QUESTION: My husband and I have been married for two years and are relatively happy. An issue is causing us trouble. I make a lot more money than my husband. This seems to come up in conversation more frequently (and with frustration on his part). I can’t help that I make more; I worked hard on my degree and love what I do. How do I keep this from coming between us?
ANSWER: Over many years in hundreds of marriages, I have witnessed this difficulty, though it seems the economy of the last few years exacerbates it.
It was not too long ago that many American families lived on farms, working the fields and raising animals. In that system, the physical strength of men gave them the edge in nearly every job other than domestic areas such as housework or cooking. That changed with the industrial revolution, slowly at first, but more rapidly as machines became smarter and computers became commonplace. Women moved into work positions where they could compete with men equally because modern jobs call more for brains than brawn.
Unfortunately, the male ego did not. At least it has not done so yet for most men.
The expectations that your husband brought into marriage came from what he learned from his own home and the homes of his friends. Very likely, he witnessed the man bringing home the bacon. If so, that is what he expected would happen in your marriage.
It did not happen that way. His ego is bruised.
In your question, you seem to imply that a possible solution – though you loathe the idea – is for you somehow to change what you do so that his ego will again be sated. If you were to do that, you would doom your marriage. Giving up what you love and what you prepared yourself to do for the sake of his ego would create a cancer that will destroy you and your relationship. Though it might sound like a noble gesture to some, it would be devastating in the long-term. Whatever you do, DO NOT do that!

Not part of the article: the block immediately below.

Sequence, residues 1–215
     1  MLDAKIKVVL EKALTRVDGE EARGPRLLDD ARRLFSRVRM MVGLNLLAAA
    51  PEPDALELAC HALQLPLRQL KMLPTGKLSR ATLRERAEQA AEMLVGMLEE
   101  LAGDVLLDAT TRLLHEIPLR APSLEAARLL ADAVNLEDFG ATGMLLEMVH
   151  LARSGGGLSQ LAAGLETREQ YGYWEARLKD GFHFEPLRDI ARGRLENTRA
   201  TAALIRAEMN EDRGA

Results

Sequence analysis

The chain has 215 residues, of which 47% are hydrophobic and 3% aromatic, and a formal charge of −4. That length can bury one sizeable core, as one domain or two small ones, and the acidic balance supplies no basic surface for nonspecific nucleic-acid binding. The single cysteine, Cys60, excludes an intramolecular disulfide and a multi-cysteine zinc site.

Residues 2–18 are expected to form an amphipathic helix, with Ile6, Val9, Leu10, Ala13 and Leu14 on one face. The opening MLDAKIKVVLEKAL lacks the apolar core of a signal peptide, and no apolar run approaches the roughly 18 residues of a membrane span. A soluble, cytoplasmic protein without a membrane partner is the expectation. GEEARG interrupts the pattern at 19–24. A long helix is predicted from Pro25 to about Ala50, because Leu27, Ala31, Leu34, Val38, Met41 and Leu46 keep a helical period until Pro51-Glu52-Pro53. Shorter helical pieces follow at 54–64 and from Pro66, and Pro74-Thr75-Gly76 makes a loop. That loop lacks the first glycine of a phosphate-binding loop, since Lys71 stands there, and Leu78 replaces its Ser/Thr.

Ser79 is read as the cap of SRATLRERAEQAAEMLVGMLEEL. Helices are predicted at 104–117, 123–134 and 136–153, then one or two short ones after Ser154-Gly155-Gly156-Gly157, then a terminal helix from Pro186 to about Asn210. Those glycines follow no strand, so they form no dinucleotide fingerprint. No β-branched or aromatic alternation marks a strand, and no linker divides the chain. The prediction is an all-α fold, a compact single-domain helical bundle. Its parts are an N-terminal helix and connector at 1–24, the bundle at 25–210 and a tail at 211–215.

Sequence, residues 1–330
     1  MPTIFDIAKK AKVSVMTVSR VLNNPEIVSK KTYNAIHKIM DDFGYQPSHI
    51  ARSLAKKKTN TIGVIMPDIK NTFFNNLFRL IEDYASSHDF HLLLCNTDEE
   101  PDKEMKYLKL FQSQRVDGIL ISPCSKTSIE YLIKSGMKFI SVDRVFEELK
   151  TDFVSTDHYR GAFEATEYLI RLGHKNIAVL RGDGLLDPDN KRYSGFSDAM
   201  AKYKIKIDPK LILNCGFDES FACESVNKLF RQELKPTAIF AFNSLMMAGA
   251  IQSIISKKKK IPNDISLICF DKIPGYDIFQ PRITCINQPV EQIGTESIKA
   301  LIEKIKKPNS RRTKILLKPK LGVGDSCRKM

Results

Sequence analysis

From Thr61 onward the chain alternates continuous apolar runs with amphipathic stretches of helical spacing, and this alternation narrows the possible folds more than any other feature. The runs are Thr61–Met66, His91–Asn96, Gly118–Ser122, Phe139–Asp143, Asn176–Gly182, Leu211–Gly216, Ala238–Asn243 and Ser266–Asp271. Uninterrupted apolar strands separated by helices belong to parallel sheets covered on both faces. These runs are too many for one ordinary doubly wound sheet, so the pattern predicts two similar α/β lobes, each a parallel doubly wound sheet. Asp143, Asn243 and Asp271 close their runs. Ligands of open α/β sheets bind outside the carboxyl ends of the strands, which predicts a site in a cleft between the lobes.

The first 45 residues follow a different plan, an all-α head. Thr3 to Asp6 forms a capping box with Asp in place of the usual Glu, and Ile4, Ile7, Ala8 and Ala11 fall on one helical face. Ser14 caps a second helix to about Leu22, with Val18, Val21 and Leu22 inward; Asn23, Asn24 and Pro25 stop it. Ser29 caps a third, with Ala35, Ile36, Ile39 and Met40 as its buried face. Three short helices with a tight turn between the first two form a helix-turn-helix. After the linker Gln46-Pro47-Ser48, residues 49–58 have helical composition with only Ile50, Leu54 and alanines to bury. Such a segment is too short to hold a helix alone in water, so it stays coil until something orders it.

At the same time, it would be a very bad move to tell your husband that the world has changed and he needs to accept that life is not going to be what he expected. When a person is hurting, he does not want to hear that he should just get over it. Saying or implying anything similar to that would give him the message that you do not value his emotions. If you plant that seed, you will not like what comes from it.
The solution is to demonstrate respect and acceptance.
Tell him that you understand that this situation frustrates him. Let him know it matters to you that it bothers him. Ask him to talk about his emotions, but do not in any way pressure him to do so. Allow him to open up at his own speed as he feels comfortable. If he shares emotions, NEVER say ridiculous things such as “you shouldn’t feel that way.” Even if he says things like “I’m not as smart as you” or “I’m a failure” do not tell him not to feel that. Validate his emotions. However, also validate him. Respond with words such as, “Honey, I hear what you’re saying but the man I know is brilliant (or a success, or whatever.) My making a higher paycheck in no way means I am smarter (more successful, whatever) than you. I love you and believe in you. Maybe today I make more. Maybe next year you do. It’s not a competition, sweetheart. We’re a team. Whatever you do in life, I’m a part of. Whatever I do, you’re a part of. I’m happy to be on the team with you. I’m thrilled with every good thing that comes to you. I hope you can be thrilled with every good thing that comes to me.”
You get the idea.
Validate his emotions, even ones you wish he did not feel. Validate him. Gently focus him on the fact that you love him and that you in no way feel superior to him. You are proud of him and you want him to be proud of you. Emphasize that you are a team. A great team.
This approach is not a magic bullet. It will not solve the frustration overnight. However, keep it up for a lifetime and you will experience life as partners who glory in each other’s successes.
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